- Its multiplicity in the minimum polynomial equals the size of the largest block.

- The matrix
**B**is diagonal iff**A**is non-defective, i.e. the geometric and algebraic multiplicities are equal for each eigenvalue, i.e. each block is of size 1. - The minimum polynomial is equal to the characteristic polynomial iff all eigenvalues have a geometric multiplicity of 1, i.e. there is only one distinct eigenvector for each eigenvalue.
- Some authors call
**A***irreducible*iff**B**is a hypercompanion matrix (i.e. it consists of a single block) but a more common definition of*reducible*is here.

Finding the Jordan form of a defective or nearly defective matrix is numerically ill-conditioned.

Every non-singular square matrix **A** can be expressed as
**A**=**PLDU** where **P** is a permutation matrix, **L** is unit lower triangular, **D** is diagonal and
**U** is unit upper triangular.

- If
**A**is hermitian then**U**=**L**^{H}. - You can also decompose as
**A**=**PUDL**by expressing**JAJ**=(**JPJ**)(**JUJ**)(**JDJ**)(**JLJ**). [Note:**J**is the exchange matrix.]

Every **A**_{[n#n]} can be expressed as
**A**=**PLU** where **P** is a permutation matrix, **L** is a unit lower triangular matrix and **U** is
upper triangular.

- This decomposition is the standard way of solving the simultaneous
equations
**A****x**=**b**. - You can also decompose as
**A**=**LUP**where**U**is unit upper triangular by expressing**A**^{T}=**P**^{T}**U**^{T}**L**^{T}or alternatively**A**^{H}=**P**^{H}**U**^{H}**L**^{H}. - You can also decompose as
**A**=**PUL**where**U**is unit upper triangular by expressing**JAJ**=(**JPJ**)(**JUJ**)(**JLJ**). [Note:**J**is the exchange matrix.]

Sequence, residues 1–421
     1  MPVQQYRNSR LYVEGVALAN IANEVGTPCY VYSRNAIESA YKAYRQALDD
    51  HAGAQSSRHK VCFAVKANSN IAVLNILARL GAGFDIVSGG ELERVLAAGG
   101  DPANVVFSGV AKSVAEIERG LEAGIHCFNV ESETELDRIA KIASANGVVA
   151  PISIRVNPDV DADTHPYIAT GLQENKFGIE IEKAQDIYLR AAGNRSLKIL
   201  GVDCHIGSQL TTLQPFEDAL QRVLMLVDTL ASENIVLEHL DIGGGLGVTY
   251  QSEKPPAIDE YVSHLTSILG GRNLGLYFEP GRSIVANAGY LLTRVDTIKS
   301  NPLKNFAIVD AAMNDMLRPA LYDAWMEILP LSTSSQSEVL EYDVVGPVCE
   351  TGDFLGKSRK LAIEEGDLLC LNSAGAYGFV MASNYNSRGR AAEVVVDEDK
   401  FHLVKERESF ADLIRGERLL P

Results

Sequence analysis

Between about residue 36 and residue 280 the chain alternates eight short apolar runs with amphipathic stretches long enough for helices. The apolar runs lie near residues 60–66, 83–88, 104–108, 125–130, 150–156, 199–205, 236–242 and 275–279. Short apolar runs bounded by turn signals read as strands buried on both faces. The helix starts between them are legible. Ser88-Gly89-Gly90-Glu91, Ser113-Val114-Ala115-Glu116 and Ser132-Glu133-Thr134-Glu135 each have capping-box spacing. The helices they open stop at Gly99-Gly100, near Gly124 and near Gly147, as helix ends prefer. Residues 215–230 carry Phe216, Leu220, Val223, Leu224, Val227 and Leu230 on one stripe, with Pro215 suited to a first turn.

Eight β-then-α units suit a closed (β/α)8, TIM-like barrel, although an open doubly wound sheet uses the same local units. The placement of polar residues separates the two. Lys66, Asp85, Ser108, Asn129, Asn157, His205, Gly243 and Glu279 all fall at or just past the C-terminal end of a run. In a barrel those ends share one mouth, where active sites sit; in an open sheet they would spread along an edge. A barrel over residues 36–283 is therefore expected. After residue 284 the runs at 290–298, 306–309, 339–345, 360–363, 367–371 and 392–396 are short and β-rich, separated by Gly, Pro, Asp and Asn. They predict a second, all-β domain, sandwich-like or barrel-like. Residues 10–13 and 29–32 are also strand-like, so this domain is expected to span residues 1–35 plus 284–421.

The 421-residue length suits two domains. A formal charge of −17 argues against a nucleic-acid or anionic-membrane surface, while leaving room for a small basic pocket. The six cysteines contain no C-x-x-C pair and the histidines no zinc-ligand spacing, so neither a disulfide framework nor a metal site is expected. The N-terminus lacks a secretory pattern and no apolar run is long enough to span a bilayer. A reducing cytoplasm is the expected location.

Every **A**_{[n#n]} can be expressed as
**A**=**UH**=**KV** with **U**, **V** unitary and **H**,
**K** positive semidefinite hermitian.
**H** and **K** are unique; **U** and **V** are unique iff **A**
is nonsingular. If **A** is real then **H** and **K** are real and
**U** and **V** may be taken to be real.

**H**^{2}=**A**^{H}**A**and**K**^{2}=**AA**^{H}**A**is normal iff**UH**=**HU**iff**KV**=**VK**. If**A**is normal and nonsingular then**U**=**V**and**H**=**K**.

For any **A**_{[m#n]}, **A=QR** for
**Q**_{[m#m]} unitary and
R_{[m#n]} upper
triangular. If **A** is real then **Q** and **R** may be taken to
be real [1.9].

- For any
**A**_{[m#n]}with*m>=n*,**A=Q**_{[m#n]}**R**_{[n#n]}with**Q**^{H}**Q**=**I**and**R**upper triangular. If**A**is real then**Q**and**R**may be taken to be real [1.9]. - You can also decompose as
**A**=**RQ**by decomposing**JA**^{T}**J**=(**JQ**^{T}**J**)(**JR**^{T}**J**). [Note:**J**is the exchange matrix.] - You can also decompose as
**A**=**QL**where**L**is lower triangular by decomposing**JAJ**=(**JQJ**)(**JLJ**). - You can also decompose as
**A**=**LQ**where**L**is lower triangular by decomposing**A**^{T}=**Q**^{T}**L**^{T}.

Every square matrix **A** is unitarily similar to an upper triangular matrix **T** with
**A**=**U**^{H}**TU**.

- The main diagonal of
**T**contains the eigenvalues of**A**repeated according to their algebraic multiplicities.- The eigenvalues may be chosen to occur in any order along the diagonal of
**T**and for each possible order the matrix**U**is unique.

- The eigenvalues may be chosen to occur in any order along the diagonal of